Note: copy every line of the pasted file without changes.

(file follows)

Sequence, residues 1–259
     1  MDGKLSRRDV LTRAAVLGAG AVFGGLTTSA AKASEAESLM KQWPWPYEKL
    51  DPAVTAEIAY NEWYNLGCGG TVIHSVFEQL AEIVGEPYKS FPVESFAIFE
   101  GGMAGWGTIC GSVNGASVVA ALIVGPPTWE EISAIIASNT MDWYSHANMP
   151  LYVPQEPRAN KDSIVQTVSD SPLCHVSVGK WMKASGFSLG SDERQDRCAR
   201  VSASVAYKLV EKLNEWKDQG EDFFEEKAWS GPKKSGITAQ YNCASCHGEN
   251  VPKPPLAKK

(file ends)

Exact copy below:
Sequence, residues 1–259
     1  MDGKLSRRDV LTRAAVLGAG AVFGGLTTSA AKASEAESLM KQWPWPYEKL
    51  DPAVTAEIAY NEWYNLGCGG TVIHSVFEQL AEIVGEPYKS FPVESFAIFE
   101  GGMAGWGTIC GSVNGASVVA ALIVGPPTWE EISAIIASNT MDWYSHANMP
   151  LYVPQEPRAN KDSIVQTVSD SPLCHVSVGK WMKASGFSLG SDERQDRCAR
   201  VSASVAYKLV EKLNEWKDQG EDFFEEKAWS GPKKSGITAQ YNCASCHGEN
   251  VPKPPLAKK